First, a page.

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Research has found that around three out of ten football players from prominent football clubs in England suffer from exercise-induced asthma (EIA), a type of asthma caused by vigorous exercise and heavy breathing.
Researchers from the University of Kent examined the lung health of 97 football players from various leading football clubs in the country during pre-season. Examination results revealed that 27 athletes who participated in a breathing challenge displayed signs of airway problems, which are indications of EIA. On the other hand, 10 of the 27 athletes showed no asthma history or airway problems.
Athletes who tested positive for EIA then underwent medication. As a result, their lung performance improved and EIA symptoms such as coughing, wheezing, and chest tightness were reduced.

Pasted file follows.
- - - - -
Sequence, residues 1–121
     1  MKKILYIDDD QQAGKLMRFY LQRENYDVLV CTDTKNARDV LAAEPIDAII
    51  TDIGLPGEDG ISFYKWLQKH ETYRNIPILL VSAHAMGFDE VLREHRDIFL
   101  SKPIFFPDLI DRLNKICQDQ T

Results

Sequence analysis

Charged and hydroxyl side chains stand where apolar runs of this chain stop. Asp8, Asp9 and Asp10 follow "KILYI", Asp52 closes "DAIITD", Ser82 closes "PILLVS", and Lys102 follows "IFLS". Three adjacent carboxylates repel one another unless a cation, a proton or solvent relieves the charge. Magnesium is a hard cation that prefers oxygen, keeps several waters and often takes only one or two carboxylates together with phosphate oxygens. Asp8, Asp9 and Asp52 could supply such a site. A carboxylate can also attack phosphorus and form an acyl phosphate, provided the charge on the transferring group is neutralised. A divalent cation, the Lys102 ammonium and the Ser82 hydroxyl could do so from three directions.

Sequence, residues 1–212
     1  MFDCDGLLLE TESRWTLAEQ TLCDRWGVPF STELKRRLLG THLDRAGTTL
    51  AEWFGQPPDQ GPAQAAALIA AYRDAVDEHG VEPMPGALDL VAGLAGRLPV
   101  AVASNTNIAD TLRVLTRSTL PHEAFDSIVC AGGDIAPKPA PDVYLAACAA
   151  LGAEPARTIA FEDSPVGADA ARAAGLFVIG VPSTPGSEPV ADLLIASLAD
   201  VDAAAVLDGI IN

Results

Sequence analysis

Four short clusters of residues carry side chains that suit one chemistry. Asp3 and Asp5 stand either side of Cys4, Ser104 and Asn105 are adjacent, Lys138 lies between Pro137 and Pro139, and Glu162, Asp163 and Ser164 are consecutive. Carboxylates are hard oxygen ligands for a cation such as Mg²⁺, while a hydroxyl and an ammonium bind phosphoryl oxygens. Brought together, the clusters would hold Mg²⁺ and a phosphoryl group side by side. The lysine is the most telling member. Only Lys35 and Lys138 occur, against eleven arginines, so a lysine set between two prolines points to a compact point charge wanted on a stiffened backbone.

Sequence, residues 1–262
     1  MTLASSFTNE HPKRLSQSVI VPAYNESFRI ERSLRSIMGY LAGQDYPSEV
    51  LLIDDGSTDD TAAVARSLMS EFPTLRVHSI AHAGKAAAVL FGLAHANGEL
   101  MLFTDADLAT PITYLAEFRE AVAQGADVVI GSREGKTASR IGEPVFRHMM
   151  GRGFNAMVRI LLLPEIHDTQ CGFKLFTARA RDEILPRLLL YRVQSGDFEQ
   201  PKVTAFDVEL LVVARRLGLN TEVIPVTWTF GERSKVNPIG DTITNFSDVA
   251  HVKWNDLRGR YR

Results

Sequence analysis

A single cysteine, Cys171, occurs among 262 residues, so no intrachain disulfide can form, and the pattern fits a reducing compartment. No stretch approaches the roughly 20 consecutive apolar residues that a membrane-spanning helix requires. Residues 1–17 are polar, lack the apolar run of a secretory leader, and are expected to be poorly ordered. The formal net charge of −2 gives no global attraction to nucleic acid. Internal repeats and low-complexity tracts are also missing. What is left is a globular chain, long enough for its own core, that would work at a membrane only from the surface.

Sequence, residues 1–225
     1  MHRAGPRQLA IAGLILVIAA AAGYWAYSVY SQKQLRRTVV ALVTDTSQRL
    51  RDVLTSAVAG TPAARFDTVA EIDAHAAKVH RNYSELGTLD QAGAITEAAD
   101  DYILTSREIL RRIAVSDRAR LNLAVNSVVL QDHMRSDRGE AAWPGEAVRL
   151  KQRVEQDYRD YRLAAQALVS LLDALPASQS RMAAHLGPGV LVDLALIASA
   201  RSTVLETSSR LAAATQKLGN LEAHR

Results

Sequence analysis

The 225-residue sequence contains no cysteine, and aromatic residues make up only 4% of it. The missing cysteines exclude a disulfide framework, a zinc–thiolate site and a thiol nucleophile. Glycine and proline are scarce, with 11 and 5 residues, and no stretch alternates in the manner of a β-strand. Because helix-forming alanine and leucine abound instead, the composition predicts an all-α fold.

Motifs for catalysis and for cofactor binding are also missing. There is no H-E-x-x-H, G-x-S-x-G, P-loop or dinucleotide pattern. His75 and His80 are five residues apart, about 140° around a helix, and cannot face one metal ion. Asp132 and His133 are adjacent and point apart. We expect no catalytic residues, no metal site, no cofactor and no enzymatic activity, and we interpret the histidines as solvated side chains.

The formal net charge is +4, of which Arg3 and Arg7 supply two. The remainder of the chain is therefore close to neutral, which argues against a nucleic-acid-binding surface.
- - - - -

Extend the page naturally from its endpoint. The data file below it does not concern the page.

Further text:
The researchers, who presented the study’s results during the British Thoracic Society’s Winter Meeting, are urging football clubs to carry out a lung health screening for athletes. British Thoracic Society chairperson Dr. Lisa Davies stressed that lung screening is important for athletes because it will help them detect and cure possible airway problems, especially to those who participate in sports involving intense lung activity.
Although high-intensity sports like football can trigger EIA, athletes with asthma can still tolerate certain types of sports. Activities like volleyball, gymnastics, baseball, wrestling, and walking are considered safe for EIA patients because these sports require only brief and sporadic moments of exertion. Swimming, in particular, is also highly recommended for those with asthma because it is usually done in environments that are warm and have moist air.